It has just been announced that the Supreme Court has ruled in favour of the banks in respect of alleged unfair banking charges.
This ruling will disappoint those banking customers who were hoping to reclaim billions in pounds in historic bank charges. It means that earlier court rulings allowing the Office of Fair Trading (OFT) to look into the fairness of charges on unauthorised overdrafts have been overturned.
The banks will clearly be happy with this ruling. They stood to lose around £2.6bn in annual income if the Court had ruled in favour of the OFT. If this had happened, one possible consequence would have been the end of ‘free’ banking for all bank customers.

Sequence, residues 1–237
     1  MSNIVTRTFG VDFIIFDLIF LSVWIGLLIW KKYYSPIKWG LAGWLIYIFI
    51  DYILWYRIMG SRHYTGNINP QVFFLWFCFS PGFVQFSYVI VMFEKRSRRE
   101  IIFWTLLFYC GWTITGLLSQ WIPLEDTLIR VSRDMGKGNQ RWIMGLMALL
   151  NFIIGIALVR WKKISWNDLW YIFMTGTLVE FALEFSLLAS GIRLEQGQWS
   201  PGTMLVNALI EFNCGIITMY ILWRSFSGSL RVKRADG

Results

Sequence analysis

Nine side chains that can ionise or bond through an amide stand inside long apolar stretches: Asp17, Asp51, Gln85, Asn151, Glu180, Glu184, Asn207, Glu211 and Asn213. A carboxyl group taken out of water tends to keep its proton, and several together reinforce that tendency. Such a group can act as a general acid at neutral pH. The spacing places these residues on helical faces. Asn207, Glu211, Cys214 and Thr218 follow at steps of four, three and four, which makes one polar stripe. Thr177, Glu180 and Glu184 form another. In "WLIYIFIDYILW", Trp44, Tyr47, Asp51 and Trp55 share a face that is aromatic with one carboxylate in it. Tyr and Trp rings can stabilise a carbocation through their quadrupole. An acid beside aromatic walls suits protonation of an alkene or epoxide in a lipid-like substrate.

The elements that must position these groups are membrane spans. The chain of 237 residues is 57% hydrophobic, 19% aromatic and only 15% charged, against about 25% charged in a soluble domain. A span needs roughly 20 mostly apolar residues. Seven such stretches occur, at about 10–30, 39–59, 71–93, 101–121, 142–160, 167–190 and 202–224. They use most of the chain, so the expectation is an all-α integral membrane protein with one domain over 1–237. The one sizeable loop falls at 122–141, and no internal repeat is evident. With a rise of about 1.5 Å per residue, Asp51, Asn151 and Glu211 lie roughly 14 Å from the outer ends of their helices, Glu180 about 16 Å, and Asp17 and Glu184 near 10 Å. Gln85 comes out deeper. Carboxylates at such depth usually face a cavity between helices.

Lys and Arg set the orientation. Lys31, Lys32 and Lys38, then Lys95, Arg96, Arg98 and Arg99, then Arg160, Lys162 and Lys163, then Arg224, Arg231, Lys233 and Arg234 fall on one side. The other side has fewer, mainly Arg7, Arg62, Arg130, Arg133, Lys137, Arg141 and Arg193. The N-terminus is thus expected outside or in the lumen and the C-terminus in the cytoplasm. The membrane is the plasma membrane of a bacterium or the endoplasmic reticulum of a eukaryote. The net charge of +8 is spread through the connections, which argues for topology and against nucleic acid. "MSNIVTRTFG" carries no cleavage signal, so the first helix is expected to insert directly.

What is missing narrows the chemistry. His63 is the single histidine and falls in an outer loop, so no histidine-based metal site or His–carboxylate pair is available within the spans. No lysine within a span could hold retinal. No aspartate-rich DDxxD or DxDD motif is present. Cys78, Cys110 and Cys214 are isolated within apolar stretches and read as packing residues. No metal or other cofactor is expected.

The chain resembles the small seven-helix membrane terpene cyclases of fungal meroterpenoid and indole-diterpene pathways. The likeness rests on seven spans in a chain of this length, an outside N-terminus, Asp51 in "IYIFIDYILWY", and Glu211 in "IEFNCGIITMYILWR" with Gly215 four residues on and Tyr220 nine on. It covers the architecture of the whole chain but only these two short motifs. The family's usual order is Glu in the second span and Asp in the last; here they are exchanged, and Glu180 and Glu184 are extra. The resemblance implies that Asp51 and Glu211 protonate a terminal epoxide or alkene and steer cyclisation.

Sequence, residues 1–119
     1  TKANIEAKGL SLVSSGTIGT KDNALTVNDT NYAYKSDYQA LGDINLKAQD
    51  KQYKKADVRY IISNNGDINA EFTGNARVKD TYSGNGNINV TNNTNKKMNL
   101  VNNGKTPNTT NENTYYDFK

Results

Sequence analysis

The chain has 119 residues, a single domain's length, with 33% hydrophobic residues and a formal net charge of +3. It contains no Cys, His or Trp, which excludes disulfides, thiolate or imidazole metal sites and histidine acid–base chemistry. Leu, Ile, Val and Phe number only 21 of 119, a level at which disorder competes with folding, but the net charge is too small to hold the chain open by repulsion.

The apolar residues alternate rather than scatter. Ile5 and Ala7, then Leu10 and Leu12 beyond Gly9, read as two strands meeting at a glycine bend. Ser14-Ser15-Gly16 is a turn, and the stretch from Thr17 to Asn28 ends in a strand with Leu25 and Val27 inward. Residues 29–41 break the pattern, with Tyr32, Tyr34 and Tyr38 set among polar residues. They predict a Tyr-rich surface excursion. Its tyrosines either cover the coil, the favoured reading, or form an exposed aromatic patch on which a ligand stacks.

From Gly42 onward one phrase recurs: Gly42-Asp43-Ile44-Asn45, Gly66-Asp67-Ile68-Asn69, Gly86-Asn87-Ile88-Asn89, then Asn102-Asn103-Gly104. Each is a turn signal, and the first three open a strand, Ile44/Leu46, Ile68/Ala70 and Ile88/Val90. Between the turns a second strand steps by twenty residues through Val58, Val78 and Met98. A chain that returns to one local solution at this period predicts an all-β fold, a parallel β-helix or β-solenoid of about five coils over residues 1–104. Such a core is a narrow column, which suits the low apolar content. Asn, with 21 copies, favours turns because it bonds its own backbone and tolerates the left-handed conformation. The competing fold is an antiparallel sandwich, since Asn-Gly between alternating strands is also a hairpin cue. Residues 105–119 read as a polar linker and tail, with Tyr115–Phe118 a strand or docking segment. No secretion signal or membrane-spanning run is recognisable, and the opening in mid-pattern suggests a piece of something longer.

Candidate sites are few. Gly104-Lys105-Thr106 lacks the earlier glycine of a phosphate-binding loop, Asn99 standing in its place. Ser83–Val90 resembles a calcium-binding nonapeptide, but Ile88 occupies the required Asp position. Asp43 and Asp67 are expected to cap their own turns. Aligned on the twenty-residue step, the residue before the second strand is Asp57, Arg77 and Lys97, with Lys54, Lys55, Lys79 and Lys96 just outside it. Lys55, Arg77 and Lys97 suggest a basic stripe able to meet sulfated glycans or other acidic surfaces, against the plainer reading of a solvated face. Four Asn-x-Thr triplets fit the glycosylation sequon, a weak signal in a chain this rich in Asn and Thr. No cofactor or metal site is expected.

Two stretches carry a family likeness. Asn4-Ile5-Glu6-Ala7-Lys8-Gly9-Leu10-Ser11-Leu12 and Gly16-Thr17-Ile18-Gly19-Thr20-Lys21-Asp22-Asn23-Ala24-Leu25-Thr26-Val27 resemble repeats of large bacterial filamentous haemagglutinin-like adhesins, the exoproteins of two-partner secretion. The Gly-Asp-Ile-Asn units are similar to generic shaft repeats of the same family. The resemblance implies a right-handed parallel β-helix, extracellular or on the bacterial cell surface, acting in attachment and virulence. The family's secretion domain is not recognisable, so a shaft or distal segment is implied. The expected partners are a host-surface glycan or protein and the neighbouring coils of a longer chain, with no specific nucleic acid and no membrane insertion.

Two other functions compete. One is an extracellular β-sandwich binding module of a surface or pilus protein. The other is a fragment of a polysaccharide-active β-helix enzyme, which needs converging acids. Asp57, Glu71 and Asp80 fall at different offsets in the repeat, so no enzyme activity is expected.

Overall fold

Of course banking services are never really ‘free’. Customers who stay in the black might not face explicit charges for running their accounts, yet they do pay through low or zero interest rates and charges when they use other services.
The ancillary products and services on offer from the banks do not always offer best value, so they also profit from their customers who go direct rather than seek independent financial advice. This is particularly relevant when you compare the cost of the protection products and the performance of investment options on offer from the various banking groups.
The ruling this morning might not be the end of this long running saga. The OFT have said in the past that they would still try to use their other powers to launch a review if this court ruling went against them today.